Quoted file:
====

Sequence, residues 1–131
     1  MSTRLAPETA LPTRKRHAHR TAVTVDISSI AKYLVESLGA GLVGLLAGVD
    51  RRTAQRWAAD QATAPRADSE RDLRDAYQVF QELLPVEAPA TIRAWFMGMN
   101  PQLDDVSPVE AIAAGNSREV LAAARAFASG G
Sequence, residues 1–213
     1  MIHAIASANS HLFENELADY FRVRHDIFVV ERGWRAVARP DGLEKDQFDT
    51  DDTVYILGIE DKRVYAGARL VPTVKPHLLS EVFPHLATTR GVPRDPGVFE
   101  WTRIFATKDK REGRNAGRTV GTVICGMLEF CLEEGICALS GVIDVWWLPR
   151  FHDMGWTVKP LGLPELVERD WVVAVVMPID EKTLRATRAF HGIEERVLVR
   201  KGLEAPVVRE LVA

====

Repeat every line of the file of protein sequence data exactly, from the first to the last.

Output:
Sequence, residues 1–131
     1  MSTRLAPETA LPTRKRHAHR TAVTVDISSI AKYLVESLGA GLVGLLAGVD
    51  RRTAQRWAAD QATAPRADSE RDLRDAYQVF QELLPVEAPA TIRAWFMGMN
   101  PQLDDVSPVE AIAAGNSREV LAAARAFASG G
Sequence, residues 1–213
     1  MIHAIASANS HLFENELADY FRVRHDIFVV ERGWRAVARP DGLEKDQFDT
    51  DDTVYILGIE DKRVYAGARL VPTVKPHLLS EVFPHLATTR GVPRDPGVFE
   101  WTRIFATKDK REGRNAGRTV GTVICGMLEF CLEEGICALS GVIDVWWLPR
   151  FHDMGWTVKP LGLPELVERD WVVAVVMPID EKTLRATRAF HGIEERVLVR
   201  KGLEAPVVRE LVA